XITANG, China — For four days at the start of every November for the past seven years, a small water canal town two hours southwest of Shanghai turns into a lively hub celebrating all things Hanfu and traditional Chinese culture.
One of the largest events nationally on the Hanfu enthusiasts’ calendar drawing thousands, the Xitang event costs just 90 renminbi, or $13, to take part. It brings together a carnival, fashion runway show, archery exhibitions and marketplace among its activities but mostly, it’s a fashion showcase. People spend their days parading around in their best Hanfu attire posing with the picturesque scenery the ancient town provides, wandering the grassy knolls and across its old curved stone bridges.
One young woman waterside was filming several takes of a traditional dance to post on Bilibili, one of China’s most popular video platforms. She had flown in with a group of friends from Xian.
“I finally have the chance to come this year because in the past, I had some kind of clash,” said the dancer. “Xian also has smaller Hanfu gatherings but not on this scale. It’s quite accepted, though, to wear Hanfu in Xian. If you wear Hanfu there, the old grandmas and grandpas on the street will comment, ‘Hey you look good dressed like this!'”
The dance background helped to spur an interest in Hanfu, she and her friend standing beside her agreed.
“I’ve always liked Hanfu since I was a child,” the friend said. “My parents are very supportive because they themselves are performers so whatever weird outfits, they’ve seen it all before on the stage.”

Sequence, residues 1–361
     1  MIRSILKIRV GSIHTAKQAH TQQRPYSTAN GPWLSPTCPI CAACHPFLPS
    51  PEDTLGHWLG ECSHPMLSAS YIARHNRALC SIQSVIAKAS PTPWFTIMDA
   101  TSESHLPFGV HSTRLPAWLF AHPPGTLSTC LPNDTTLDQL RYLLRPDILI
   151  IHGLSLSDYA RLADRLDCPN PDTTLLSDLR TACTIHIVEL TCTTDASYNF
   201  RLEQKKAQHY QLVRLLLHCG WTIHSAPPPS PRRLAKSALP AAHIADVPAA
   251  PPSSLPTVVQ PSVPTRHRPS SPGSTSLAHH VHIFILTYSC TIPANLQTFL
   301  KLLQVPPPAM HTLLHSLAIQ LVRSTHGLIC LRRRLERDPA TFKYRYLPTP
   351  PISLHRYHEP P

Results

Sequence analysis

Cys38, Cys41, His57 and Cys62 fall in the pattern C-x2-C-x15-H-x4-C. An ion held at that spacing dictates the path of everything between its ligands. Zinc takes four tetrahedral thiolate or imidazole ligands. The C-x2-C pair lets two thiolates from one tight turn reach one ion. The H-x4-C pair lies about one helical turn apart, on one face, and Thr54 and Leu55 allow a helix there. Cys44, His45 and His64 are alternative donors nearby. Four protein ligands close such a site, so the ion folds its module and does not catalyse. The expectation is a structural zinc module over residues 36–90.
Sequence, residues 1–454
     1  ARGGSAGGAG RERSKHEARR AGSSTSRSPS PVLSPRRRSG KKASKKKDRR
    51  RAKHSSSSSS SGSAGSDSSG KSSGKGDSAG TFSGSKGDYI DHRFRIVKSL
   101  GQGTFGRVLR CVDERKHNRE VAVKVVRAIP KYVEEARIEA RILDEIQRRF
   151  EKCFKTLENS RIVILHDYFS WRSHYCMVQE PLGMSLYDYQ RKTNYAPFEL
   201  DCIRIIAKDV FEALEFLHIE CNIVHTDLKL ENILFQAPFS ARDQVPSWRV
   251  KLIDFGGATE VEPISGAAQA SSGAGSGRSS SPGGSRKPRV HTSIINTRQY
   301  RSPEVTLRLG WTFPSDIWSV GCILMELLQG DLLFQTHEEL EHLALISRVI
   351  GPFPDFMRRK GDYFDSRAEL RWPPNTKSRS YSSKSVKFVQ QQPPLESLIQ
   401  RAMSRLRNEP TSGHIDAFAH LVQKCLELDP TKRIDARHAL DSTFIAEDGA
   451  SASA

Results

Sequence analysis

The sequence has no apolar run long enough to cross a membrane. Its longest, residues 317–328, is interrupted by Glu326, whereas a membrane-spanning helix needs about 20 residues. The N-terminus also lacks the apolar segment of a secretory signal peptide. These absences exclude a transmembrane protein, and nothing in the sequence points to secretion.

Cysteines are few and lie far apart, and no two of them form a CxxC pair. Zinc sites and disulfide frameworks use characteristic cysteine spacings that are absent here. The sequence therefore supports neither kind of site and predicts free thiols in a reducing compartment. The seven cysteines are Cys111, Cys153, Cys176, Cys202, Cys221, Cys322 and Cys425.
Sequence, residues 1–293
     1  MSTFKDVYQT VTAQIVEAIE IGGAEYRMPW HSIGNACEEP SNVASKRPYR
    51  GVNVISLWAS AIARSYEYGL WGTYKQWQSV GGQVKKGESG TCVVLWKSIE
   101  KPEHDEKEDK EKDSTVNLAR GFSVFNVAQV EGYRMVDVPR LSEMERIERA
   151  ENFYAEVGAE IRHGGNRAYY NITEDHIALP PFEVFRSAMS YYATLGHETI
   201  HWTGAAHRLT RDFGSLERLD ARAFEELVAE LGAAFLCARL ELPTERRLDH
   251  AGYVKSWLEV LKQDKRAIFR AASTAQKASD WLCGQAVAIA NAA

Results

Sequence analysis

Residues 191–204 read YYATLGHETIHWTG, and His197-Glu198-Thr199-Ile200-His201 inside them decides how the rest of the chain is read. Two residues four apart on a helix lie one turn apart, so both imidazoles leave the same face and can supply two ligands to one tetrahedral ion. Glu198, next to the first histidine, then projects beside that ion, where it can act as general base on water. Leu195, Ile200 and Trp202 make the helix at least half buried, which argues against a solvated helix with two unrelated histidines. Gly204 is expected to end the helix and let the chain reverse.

Although wearing Hanfu is a young person’s pursuit mainly, there were some gray heads of hair seen among the crowds. One family who resided in Jiaxing, the modern city that encompasses Xitang, had three generations represented. Granddaughter, mother and grandmother sat side by side on a bench taking a break. The granddaughter had been to the festival a couple times and this time persuaded her family to come and take part, too.
“When I was young, they didn’t have these kinds of things,” said the grandmother, who was in her 80s.
Dogs and cats also get the dress-up treatment. One trio of friends had two cats stashed away in clear pet carrier backpacks. Both had been outfitted in Hanfu.
“I live nearby,” said one of the girls while taking her cat out of the bag to pose for photos. While the cat-owner’s attire that day only cost about 400 renminbi, she shared she had some outfits in her closet that she’d paid 5,000 renminbi for. “I’m a nurse and I have a uniform everyday I wear that’s the same, so it’s fun to be able to dress like this,” she added.